Pneumonia and Pneumonitis From Legionella pneumophila
Michael Borchetta, DO
Palms West Hospital, Loxahatchee, Florida
Borchetta M. Pneumonia and pneumonitis from Legionella pneumophila. Consultant for Pediatricians. 2014;13(12):570-571.
A 9-year-old boy presented to a pediatric hospital for evaluation of fever, cough, and nasal congestion that had been present for 4 days. The cough had been persistent and productive of green sputum. His maximum temperature had been 38.9°C, with daily fever.
His history is significant for Down syndrome and for leukemia that had been in remission for 8 years. He had undergone tonsillectomy and adenoidectomy 3 weeks ago.
The boy was started on levalbuterol and oral corticosteroids and was given 2 doses of intramuscular ceftriaxone over the next 48 hours. Despite the antibiotic, his fever continued and his cough worsened. He was admitted to the pediatric hospital.
On admission, his white blood cell count was 39,000/µL, and his and C-reactive protein level was 29.3 mg/L. A chest radiograph revealed a right upper lobe consolidation (A). He was started on cefuroxime and nebulized albuterol.
Because of his worsening leukocytosis and respiratory status, he was transferred to the intensive care unit. An infectious disease specialist was consulted, and laboratory studies for various viruses and bacteria were ordered. Vancomycin and meropenem were started. Due to progressive respiratory distress and eventual respiratory failure, the patient was intubated. A computed tomography scan of the chest showed necrotizing right lung pneumonia with diffuse pneumonitis (B). Urine cultures were positive Legionella pneumophila, and he was started on intravenous azithromycin.
Over the remainder of his hospitalization, he recovered well and was extubated. He went on to complete a course of azithromycin as well as 25 days of vancomycin and meropenem. He eventually was discharged and continued to do well, without pulmonary sequelae.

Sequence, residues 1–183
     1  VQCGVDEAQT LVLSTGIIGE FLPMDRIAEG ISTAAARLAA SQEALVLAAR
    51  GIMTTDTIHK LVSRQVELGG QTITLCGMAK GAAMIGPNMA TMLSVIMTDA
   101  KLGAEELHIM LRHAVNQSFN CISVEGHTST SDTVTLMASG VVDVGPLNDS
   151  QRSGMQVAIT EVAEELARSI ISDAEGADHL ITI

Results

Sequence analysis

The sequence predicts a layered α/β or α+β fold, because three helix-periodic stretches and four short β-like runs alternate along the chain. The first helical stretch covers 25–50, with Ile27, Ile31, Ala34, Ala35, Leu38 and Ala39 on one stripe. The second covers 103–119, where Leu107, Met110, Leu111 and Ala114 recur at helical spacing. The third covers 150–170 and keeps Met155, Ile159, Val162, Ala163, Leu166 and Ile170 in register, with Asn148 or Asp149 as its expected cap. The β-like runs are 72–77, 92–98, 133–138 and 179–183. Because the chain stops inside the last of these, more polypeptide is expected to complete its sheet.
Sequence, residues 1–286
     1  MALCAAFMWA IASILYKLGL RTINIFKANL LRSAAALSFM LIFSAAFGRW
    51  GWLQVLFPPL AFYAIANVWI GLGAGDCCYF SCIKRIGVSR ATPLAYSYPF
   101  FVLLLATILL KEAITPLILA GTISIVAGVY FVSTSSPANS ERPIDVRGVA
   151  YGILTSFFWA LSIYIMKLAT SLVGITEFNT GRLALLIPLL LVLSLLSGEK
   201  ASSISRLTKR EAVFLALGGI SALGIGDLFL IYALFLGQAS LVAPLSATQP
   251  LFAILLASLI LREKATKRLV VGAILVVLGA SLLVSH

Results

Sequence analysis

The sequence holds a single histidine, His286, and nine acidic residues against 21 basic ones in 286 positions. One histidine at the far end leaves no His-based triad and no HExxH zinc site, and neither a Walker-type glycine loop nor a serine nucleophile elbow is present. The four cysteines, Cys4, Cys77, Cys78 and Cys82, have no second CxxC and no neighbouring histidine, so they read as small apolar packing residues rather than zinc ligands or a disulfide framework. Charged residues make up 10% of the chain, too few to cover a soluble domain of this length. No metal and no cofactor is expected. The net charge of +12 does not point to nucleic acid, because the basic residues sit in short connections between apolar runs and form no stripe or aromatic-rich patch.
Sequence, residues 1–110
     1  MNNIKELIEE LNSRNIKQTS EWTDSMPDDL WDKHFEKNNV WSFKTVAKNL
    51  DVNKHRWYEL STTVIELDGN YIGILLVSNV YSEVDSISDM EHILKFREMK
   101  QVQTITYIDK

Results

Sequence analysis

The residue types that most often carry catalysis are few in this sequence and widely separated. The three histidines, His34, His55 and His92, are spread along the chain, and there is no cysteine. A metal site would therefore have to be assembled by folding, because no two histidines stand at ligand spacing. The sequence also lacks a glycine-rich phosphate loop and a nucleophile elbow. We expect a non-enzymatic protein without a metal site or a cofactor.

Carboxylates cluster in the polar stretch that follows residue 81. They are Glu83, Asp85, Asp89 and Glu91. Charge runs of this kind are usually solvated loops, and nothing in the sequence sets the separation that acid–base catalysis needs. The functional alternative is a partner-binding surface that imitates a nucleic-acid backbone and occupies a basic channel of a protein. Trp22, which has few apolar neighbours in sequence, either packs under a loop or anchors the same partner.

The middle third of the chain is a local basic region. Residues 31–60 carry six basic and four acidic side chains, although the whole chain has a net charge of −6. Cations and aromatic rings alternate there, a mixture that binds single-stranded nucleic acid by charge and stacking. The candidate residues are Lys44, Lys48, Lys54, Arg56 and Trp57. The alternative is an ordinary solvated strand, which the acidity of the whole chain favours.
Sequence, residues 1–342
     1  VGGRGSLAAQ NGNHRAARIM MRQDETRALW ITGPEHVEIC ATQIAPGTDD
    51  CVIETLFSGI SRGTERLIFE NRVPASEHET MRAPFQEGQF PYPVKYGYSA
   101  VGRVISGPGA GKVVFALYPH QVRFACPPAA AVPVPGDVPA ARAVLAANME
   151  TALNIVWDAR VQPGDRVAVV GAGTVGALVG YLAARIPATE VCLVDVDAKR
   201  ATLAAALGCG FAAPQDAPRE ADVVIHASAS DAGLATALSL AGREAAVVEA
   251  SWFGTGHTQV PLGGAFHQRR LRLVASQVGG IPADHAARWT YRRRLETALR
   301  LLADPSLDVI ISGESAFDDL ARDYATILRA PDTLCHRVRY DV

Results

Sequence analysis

L pneumophila are aerobic, Gram-negative bacilli that are normally found throughout the environment. The bacteria are transmitted via inhalation of aerosols or via aspiration. Legionella grow more readily in warm water sources such as water heaters, evaporative condensers, cooling towers, whirlpool baths, humidifiers, and nebulizers. Once the bacteria have invaded the macrophages, an inflammatory response is triggered, leading to necrosis and infiltration of the tissues. L pneumophila causes 2% to 15% of community-acquired pneumonia in the United States.
Symptoms of infection develop 2 to 14 days after exposure and usually begin with headache, myalgia, chills, and high fever. A productive cough, blood-streaked sputum, shortness of breath, chest pain, fatigue, vomiting, diarrhea, and confusion develop 2 to 3 days later.
Laboratory studies may show renal dysfunction, hepatic dysfunction, thrombocytopenia, leukocytosis, hyponatremia, hematuria, and elevated ferritin and procalcitonin levels. Hyponatremia is strongly associated with the syndrome of inappropriate antidiuretic hormone secretion. Chest radiographs typically show a patchy unilobar infiltrate that progresses to consolidation, but diffuse interstitial infiltrates with pleural effusions also may be seen.
Diagnosis is best achieved by obtaining respiratory secretion cultures for Gram staining. A typical positive Gram stain will show abundant neutrophils with few organisms. L pneumophila urine antigen testing is very sensitive and specific.
Treatment with parenteral azithromycin is recommended for all patients until defervescence, followed by a 7- to 10-day oral course of the antibiotic. Trimethoprim-sulfamethoxazole, levofloxacin, an
d ciprofloxacin are second-line antibiotic options.
Although legionella is a rare cause of pneumonia in children, it should be considered in cases of pneumonia presenting after intubation or with hyponatremia.